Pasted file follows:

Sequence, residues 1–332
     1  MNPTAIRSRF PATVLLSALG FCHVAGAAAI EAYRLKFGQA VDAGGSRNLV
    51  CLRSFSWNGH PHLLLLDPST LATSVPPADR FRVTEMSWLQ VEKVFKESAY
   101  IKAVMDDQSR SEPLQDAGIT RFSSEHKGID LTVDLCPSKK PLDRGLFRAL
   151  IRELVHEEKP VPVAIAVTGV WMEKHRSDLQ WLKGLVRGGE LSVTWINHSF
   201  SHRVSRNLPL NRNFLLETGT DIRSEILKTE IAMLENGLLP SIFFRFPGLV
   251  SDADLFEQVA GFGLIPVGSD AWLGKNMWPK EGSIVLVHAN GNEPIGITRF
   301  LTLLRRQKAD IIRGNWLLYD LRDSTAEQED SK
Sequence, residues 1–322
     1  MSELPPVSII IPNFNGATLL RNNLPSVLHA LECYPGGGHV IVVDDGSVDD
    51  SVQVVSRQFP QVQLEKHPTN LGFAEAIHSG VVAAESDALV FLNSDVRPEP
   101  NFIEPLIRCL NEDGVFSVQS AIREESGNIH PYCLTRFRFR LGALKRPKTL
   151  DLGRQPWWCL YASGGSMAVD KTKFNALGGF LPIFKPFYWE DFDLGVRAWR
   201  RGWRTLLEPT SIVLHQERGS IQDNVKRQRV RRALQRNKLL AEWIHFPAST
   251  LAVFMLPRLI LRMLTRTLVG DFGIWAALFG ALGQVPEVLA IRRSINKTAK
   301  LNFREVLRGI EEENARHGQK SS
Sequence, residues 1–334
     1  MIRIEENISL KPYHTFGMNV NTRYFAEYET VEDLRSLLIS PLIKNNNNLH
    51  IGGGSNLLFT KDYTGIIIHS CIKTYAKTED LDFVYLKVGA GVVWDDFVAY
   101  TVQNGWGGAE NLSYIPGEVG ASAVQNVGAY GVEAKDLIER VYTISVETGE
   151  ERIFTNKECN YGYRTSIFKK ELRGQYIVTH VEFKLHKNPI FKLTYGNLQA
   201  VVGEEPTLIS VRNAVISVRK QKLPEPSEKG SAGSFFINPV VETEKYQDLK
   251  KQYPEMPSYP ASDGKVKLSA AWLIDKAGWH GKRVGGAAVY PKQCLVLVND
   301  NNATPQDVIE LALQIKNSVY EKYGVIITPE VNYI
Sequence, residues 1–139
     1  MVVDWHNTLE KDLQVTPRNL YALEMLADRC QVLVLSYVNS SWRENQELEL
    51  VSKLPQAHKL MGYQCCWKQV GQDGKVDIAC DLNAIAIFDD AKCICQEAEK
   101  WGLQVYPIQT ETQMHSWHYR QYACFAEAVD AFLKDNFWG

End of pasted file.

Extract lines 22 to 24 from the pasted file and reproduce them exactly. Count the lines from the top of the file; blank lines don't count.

   201  VVGEEPTLIS VRNAVISVRK QKLPEPSEKG SAGSFFINPV VETEKYQDLK
   251  KQYPEMPSYP ASDGKVKLSA AWLIDKAGWH GKRVGGAAVY PKQCLVLVND
   301  NNATPQDVIE LALQIKNSVY EKYGVIITPE VNYI